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Thoughts on automatic RDF generation for DSpace

From: Peter Breton <pbreton@MIT.EDU>
Date: Tue, 12 Jun 2001 09:23:18 -0400
Message-ID: <3B2617C6.3080904@mit.edu>
To: www-rdf-dspace@w3.org
[These are some comments on an automatic RDF generation mechanism that 
I've been working on for DSpace. Mick and I thought these ideas might be 
of wider interest.

The generation demo is here:


To see the RDF without HTML quoting, use:



Now that I've done this first bit (which is built on Jena), I have all 
sorts of questions/problems/issues:

* The automatic generation really doesn't address the idea of object 
identity. The identifiers you see in the demo, like


just use the object's hash code, which is transient. I think a 
Publication wants to be mapped to its persistent id (perhaps its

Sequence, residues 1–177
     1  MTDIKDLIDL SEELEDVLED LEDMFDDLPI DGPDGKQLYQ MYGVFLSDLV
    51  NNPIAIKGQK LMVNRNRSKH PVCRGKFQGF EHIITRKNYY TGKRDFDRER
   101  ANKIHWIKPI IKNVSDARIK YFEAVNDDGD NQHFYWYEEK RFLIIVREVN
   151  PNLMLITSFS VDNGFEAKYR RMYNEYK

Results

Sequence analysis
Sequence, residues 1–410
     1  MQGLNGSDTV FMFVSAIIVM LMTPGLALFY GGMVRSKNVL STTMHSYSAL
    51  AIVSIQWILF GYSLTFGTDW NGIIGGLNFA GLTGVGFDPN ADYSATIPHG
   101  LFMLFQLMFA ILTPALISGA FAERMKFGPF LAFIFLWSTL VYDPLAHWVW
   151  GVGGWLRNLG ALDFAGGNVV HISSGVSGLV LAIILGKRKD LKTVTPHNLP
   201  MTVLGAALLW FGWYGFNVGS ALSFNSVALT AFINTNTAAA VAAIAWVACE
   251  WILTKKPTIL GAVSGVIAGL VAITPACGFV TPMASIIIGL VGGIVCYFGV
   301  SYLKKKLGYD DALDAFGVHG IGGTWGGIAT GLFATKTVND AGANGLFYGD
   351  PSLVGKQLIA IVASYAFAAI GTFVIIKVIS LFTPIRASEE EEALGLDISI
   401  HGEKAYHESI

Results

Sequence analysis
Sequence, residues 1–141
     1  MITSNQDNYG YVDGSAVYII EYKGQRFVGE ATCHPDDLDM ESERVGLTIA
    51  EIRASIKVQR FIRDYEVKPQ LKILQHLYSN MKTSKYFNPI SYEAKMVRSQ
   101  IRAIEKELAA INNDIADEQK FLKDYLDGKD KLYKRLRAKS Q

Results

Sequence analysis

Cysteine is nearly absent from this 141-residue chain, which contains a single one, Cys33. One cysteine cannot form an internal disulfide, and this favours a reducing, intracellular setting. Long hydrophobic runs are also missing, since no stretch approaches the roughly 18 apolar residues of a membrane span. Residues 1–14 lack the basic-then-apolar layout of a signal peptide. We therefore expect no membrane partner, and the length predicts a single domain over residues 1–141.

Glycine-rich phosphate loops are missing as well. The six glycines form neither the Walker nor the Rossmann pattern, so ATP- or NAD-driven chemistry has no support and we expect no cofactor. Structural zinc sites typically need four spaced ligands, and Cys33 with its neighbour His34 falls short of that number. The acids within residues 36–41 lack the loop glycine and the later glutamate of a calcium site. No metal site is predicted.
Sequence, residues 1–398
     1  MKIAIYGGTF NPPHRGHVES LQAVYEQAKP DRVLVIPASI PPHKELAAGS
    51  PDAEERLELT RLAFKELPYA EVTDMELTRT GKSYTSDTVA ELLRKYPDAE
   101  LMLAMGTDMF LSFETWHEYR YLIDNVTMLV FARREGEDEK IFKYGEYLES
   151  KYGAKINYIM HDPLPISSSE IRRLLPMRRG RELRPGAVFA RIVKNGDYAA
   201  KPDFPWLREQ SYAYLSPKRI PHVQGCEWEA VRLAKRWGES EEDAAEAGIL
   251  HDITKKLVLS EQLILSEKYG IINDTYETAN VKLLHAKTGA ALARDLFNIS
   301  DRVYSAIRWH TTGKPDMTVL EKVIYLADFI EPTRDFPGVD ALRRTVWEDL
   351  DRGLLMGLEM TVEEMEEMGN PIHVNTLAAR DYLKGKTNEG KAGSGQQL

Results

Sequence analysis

handle), but this is outside the Bean spec, which really only addresses 
in-memory objects.

* The generated RDF only captures the field values at a particular 
moment. What happens when we capture an RDF dump of a publication at 
Submit time, and another one when it is modified?

There are also some more mundane features that would be nice:

* There should be some custom field mapping, which says which fields are 
ignored, and provides alternate labels for arcs.

* The various Java collection objects (Object[], Hashtable, Vector, 
Enumeration in JDK 1.1; Collections and Iterators in JDK 1.2 and up) 
should be automatically recursively processed.

* When the value of a property is itself an Object, that object should 
(probably) be recursively processed.

And for future directions, thoughts about the implications of SQL-based 
persistence and RDF querying are welcome. One possible direction I see 
for RDF querying (I'm not sure if it has been thought of already) is to 
provide a query capability which uses XML Schema. So, if a Literal value 
had type xsd:string, then operators like 'starts_with', 'contains', and 
the like could be applied to it. These operations could be mapped back 
to the native facilities of the storage component (in this case, SQL 
operations like 'foo%', '%foo%', and so forth).

Received on Tuesday, 12 June 2001 09:23:54 UTC

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